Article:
What will the elephants of Amboseli eat? Avocados?

Elephants in Amboseli National Park.

Photo credit: Shutterstock

What you need to know:

  • A few years ago, Harji Mavji and Suresh Kurji Kerai, who own KiliAvo Fresh Limited, a horticultural venture, bought 180 acres of land in Ole Polos in Kimana, five kilometres from the Amboseli National Park. 
  • Records seen by the Sunday Nation indicate that KiliAvo legally acquired the piece of land from locals.

Red open earth, boulders and six-feet-tall timber posts on the perimeter of a 150-acre piece of land in the Kimana Community Conservancy appear out of place, even from the murram road towards Amboseli National Park.  A family of gazelles and giraffes caught up in the melee still mill around the piece of land, now ploughed, that used to be their home.

At the centre of their displacement are two powerful businessmen who dream to make millions of cash from the land they intent to convert to a commercial avocado farm and vegetable orchard.

A few years ago, Harji Mavji and Suresh Kurji Kerai, who own KiliAvo Fresh Limited, a horticultural venture, bought 180 acres of land in Ole Polos in Kimana, five kilometres from the Amboseli National Park.  The land lay idle for about four years, until two weeks ago, when tractors and earth movers rolled in to clear the bush and sink three boreholes.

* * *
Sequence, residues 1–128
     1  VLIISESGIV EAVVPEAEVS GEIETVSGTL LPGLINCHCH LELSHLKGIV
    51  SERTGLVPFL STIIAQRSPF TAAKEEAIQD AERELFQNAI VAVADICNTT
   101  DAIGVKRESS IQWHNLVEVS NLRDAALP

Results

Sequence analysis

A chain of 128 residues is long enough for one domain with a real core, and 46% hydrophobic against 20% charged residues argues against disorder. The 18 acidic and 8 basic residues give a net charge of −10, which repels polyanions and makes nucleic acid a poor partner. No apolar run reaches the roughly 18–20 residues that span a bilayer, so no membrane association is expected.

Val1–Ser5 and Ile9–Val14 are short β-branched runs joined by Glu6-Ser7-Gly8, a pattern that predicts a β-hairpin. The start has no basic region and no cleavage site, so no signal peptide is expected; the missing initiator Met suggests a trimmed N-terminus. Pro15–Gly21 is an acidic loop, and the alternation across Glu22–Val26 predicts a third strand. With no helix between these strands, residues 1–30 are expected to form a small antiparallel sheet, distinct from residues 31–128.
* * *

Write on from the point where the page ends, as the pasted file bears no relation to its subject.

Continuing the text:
Had local community members and wildlife conservation lobby groups in the Amboseli not publicly protested the move, the farm, which sits on a crucial wildlife corridor, would currently be teeming with verdant avocados, onions and tomatoes.

But how did this happen? How did the two businessmen get licence to set up such a huge farm here?

Records seen by the Sunday Nation indicate that KiliAvo legally acquired the piece of land from locals. Whether they knew that their farm lies within a wildlife migratory corridor that connects the Amboseli and Tsavo National parks, the largest and most popular tourist destinations in southern Kenya, is bewildering.

Conservation area

However, what is more mystifying is how the company secured a licence from the National Environment Management Authority (Nema) to put up a commercial crop farm in the middle of a conservation area without involving the Kenya Wildlife Service (KWS).

Nema was last week forced to stop the project following protest from KWS, members of the public and environmental lobby groups. Acting Director of Biodiversity, Research and Planning at KWS, Mr Patrick Omondi, told the Sunday Nation that due diligence in the issuing of the license was not followed. The process was also rushed, he said.

“Nema did not consult KWS in the process. We would not have approved it because it is an elephant dispersal area. Allowing a plantation inside a park would have made the corridor a human-wildlife conflict hotspot, since it would reduce movement space for elephants. This is not an agricultural area,” he said.

An aerial view of the disputed farm in Amboseli on September 24, 2020. 

Photo credit: Jeff angote | Nation Media Group

We put those questions and concerns to Nema, and in response the agency said it had realised much later that Mr Mavji and Mr Kerai had concealed critical in their application for farming licence.